This is a PBS documentary about the 2012 harvest in Napa Valley. I like food shows. I like food events. I like making food stuff part of my vacation experience. I’m even starting to cook, if you count smoothies and soft-boiled eggs as cooking. My relationship with food, I think, is a healthy one. I think.
However, for the most part, I can’t stand The Food Network. Oh sure, I like DDD, but everything else is crap. Chefs and critics and contestants and judges just make a mockery of what it means to have a relationship with food. I would much rather hear from the makers. I’m talking about the winemakers, brewmasters, and coffee roaster types. The people further back in the food chain who are pulling stuff out of the ground and prepping food items before the supermarket or restaurant even gets them. Those are the food stories I want.
So Vintage was perfect for me. It follows three head winemakers during the 2012 harvest. All three are women. Their names are Kimberlee, Marisa, and Elizabeth and they seem to all know each other. They love their jobs and are really fired up about the 2012 harvest. Despite the drought that has been hanging over California for the years, it seems like there was a short respite in Napa Valley in 2012 because near-perfect weather resulted in a record amount of fruit being pulled off the vines.
You watch these three women interact with the growers, the pickers, and truck drivers. You see them picking, tasting grapes, and driving forklifts. You watch them in the office trying to schedule which tanks gets which grapes as they struggle with the unprecedented amount of fruit sitting in trucks lined up outside their plant waiting to unload their payload into the crushers. It’s fascinating stuff and I think it will help me become a better wine drinker.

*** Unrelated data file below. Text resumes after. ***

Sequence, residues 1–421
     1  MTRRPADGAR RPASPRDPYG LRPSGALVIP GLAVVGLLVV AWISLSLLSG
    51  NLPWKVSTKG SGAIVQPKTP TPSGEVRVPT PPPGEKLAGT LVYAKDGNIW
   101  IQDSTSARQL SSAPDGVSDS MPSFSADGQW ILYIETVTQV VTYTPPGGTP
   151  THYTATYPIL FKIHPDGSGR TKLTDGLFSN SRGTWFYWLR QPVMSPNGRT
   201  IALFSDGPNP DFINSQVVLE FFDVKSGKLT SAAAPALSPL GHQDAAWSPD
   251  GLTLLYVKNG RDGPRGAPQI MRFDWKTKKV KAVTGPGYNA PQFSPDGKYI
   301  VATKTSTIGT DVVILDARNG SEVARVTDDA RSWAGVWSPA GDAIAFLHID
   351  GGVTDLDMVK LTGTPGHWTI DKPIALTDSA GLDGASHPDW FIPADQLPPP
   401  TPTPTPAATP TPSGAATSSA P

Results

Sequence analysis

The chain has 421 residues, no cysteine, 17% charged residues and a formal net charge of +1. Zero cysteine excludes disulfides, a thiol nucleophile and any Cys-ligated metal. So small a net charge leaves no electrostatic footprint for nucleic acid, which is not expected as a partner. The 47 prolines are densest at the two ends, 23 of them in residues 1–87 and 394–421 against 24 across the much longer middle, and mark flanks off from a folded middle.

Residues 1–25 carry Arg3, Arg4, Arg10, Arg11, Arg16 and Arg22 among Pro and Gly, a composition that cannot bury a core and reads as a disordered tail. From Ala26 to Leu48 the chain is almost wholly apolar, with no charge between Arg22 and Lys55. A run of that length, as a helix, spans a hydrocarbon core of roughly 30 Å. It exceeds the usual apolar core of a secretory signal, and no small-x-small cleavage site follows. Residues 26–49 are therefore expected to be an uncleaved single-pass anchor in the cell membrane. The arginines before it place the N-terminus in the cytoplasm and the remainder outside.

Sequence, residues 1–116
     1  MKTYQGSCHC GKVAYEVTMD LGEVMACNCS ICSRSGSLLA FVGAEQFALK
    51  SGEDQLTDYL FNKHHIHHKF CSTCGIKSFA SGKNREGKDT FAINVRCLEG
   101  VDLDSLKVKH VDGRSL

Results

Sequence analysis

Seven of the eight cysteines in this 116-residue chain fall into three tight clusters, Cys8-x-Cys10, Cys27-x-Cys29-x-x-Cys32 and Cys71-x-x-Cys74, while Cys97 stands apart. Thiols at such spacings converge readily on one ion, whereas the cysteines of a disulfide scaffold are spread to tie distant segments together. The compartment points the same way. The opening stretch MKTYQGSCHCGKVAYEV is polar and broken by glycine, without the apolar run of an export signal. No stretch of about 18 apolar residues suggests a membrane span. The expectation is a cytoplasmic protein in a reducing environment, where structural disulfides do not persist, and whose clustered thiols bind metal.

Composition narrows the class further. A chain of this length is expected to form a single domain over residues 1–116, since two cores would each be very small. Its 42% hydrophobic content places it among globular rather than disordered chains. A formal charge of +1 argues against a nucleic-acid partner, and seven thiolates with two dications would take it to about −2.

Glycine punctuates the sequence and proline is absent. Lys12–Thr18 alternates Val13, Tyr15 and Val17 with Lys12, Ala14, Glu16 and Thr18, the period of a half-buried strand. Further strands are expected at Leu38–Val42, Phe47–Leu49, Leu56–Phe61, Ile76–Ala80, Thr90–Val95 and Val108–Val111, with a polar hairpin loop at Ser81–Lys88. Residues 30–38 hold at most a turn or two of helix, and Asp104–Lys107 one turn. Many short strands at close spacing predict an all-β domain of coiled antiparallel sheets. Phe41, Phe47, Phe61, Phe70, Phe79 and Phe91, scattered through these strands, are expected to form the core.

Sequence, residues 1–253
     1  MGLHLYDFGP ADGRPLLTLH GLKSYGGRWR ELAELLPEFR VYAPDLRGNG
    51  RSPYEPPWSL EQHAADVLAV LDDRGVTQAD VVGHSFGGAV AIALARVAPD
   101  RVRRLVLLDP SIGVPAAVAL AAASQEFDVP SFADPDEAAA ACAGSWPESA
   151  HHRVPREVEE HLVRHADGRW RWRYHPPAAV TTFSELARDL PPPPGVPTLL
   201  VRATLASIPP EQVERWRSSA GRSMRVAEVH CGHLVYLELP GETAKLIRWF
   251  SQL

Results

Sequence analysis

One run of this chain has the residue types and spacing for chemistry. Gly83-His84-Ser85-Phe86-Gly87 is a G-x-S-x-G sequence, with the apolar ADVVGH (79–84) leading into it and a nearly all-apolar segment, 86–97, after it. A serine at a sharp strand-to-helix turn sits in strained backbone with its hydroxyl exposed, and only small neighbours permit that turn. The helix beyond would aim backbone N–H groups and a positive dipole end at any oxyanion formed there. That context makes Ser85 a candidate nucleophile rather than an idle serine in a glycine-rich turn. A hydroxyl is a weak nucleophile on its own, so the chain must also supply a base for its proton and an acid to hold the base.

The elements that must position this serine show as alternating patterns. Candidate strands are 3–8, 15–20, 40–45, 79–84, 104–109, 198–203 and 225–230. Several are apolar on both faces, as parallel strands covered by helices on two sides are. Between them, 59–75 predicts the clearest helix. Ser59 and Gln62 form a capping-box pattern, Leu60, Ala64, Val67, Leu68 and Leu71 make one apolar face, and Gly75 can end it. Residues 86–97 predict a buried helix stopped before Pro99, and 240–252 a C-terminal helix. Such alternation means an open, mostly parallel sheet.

When I taste a cab from Chimney Rock, I’ll remember Elizabeth waxing poetically about California wines. Any Markham wine will obviously bring back memories of Kimberlee walking around the vineyard with Ziploc freezer bags paper-clipped to her belt for efficient in field tasting. The next time I’m sucking down some red from Rutherford Hill, I’ll remember Marisa’s affecting speech at the end of the show about “wine as food, that you share with your family, and it’s important to me,” or something like that.
I struggle with tasting food. I like wine, but I’m clueless on how to describe it and discern it’s flavor. I love coffee, but I can’t pick out caramel notes or hints of lime. I’m a heavy user of the beer, but put two IPA’s next to each other and I’m not going to be able to tell you what’s different about them.
Who cares really? Well, I do, for some reason, and the fact that I can’t tell a malbec from a cabernet is a little disconcerting to me. Maybe it’s proof that I’m too bored and I’m just making up stuff to be disconcerted about. Shouldn’t I be more disconcerted about the fact that I can’t speak Spanish or that I don’t read anything but crime fiction any more. I have bigger fish to fry than the fact that I can’t tell an IPA from and Imperial IPA, right?
Or maybe this stuff does matter. Maybe we should be thinking more about the food we put in our bodies and the clothes we wear on our backs. Maybe there is nothing wrong with spending time on these basic human needs; making hobbies, so to speak, out of stuff you have to do anyway to live. What if – and this is a big what if – what if I were to forego playing golf every Saturday morning this summer and instead went to a coffee tasting class?
Put that in your cup and drink it.